No, Copenhagen is not dead. Quite the reverse — prospects for a global deal have never been be
The media has a herd mentality when it comes to reporting on all things presidential — either you’re up or you’re down. Indeed, the media likes to build up politicians and then tear them down. So it is with Obama now.
Compounding that, the media likes a simple story, either great success or great failure. Since the media (mis)perceives that both domestic and international climate action are on a down swing, even more piling on is inevitable. Then again, some in the media believe temperatures are on the down swing, so what the frac do they know?
For eight years, Cheney-Bush not only muzzled climate scientists and blocked domestic action, they actively worked behind the sciences to kill any international deal. It takes a lot of effort to unpoison a well. And we’ve only had the possibility of serious international negotiations since January. Anyone who thought there would be a final deal, signed and sealed in December, a mere 11 months later, wasn’t paying attention to recent history and doesn’t appreciate the nature of international negotiations.
The fact is, the news from China, India, Japan, and this country is far more positive toward the possibility of agreement than it has been for a decade or longer. This is, finally, the one brief shining moment for action.
Does that mean there will be an ultimate deal that begins in Copenhagen? Not at all. The forces of denial and delay in this country in particular are strong and may still kill domestic action, which would in turn make a global deal very, very hard to achieve.
But I remain confident that Obama can and will deliver a domestic bill and an international agreement. Since Corn based his misanalysis on a column coathored by the CEO of CAP, I’ll let John Podesta have the final word with his reply, “Poised For Progress At The U.N. Climate Summit In Copenhagen“:
While Mother Jones’ David Corn is an excellent reporter, he is a lousy tealeaf reader. Mr. Corn misread a recent article by Dr. Rajendra Pachauri, the chair of the Intergovernmental Panel on Climate Change and Nobel Peace Prize winner, and myself in advance of the G20 summit, incorrectly concluding our purpose was to downplay expectations on behalf of the Administration. Mr. Corn’s interpretation of our piece is inaccurate. Dr. Pachauri, one of the world’s foremost advocates for strong global action on climate change, and I both recognize that significant challenges remain in advance of the U.N. summit in December. But we are confident that the international community is poised to make substantial progress on climate change in Copenhagen, and that the U.S. is now in a position to exercise renewed leadership in pursuit of a best-case climate scenario.The purpose of ourSeptember 23 piece was to emphasize the importance of climate change in advance of the G20 meetings and encourage the world’s top emitters to seize an important opportunity to take concrete steps to move forward in advance of December’s summit. It is not news that the divide between the unwieldy groups of developed and developing countries have stalled climate talks in the past and that they are drifting again. It is, however, noteworthy that major emitters have recently utilized new channels — the Administration’s Major Economies Forum, for example, as well as the U.S.-China Strategic and Economic Dialogue — to lay the groundwork for a new climate agreement in Copenhagen. We think this is an important development and should be pursued whenever opportunities, like this week’s summit, arise. Our piece urged leaders at the G20 to pursue concrete actions prior to Copenhagen on issues such as financing arrangements, technology cooperation, and deforestation prevention to increase the chances of success in December.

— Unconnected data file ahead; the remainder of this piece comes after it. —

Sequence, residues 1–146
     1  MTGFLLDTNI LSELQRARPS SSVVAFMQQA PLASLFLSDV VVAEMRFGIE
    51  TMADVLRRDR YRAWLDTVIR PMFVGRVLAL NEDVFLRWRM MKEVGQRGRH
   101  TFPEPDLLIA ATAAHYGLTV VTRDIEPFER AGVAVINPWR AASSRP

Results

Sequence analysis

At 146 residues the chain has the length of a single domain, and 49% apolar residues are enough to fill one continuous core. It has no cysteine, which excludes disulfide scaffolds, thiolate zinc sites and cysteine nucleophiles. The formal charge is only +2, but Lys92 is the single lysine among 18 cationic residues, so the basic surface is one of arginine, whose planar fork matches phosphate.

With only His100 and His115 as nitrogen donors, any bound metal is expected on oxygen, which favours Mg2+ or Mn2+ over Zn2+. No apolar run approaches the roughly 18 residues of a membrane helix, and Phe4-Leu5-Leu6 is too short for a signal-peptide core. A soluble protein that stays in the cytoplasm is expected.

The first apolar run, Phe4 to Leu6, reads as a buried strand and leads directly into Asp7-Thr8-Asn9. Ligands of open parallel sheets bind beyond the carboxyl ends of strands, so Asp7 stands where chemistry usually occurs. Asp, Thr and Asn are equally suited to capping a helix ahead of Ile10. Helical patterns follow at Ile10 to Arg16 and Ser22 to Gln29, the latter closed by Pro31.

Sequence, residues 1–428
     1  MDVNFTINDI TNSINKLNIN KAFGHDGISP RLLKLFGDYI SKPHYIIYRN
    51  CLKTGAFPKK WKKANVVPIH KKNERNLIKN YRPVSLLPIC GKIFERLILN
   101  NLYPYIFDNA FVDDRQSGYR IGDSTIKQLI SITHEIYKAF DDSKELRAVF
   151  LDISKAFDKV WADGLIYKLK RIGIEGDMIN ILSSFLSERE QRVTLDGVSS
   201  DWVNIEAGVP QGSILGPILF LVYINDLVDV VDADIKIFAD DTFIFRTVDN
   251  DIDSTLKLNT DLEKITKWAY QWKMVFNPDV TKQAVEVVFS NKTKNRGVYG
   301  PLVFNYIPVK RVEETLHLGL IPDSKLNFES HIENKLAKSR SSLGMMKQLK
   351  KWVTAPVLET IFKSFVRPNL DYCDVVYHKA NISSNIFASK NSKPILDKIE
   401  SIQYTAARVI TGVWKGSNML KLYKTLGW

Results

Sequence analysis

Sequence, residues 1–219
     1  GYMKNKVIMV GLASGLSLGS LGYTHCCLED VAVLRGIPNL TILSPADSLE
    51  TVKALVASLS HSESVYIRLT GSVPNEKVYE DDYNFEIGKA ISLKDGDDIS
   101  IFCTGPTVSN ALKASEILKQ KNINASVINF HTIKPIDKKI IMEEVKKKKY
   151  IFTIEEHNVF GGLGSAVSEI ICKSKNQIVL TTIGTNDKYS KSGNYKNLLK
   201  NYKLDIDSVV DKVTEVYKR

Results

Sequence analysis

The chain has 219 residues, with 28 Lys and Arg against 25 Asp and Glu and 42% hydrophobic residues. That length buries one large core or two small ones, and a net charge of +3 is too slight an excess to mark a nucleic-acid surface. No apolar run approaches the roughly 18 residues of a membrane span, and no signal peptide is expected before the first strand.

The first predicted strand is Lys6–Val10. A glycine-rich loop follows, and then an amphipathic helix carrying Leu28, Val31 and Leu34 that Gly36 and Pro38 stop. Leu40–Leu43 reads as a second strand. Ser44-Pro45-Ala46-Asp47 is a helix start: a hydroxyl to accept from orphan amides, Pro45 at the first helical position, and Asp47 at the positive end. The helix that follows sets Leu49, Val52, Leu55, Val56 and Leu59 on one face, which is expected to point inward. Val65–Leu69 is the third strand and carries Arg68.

Even in the midst of global economic crisis, climate change has remained at the top of the agenda both in the United States and in key countries around the world. There is broad consensus that the effects of climate change are not only real, but will be devastating to developed and developing countries alike if the international community fails to agree on a global emissions reduction strategy soon. The road ahead is not without obstacles, which our piece pointed out. But the fate of Copenhagen is far from sealed — and it is my strong belief that the Obama Administration is committed to doing all it can to lead the world into a low-carbon, clean energy future.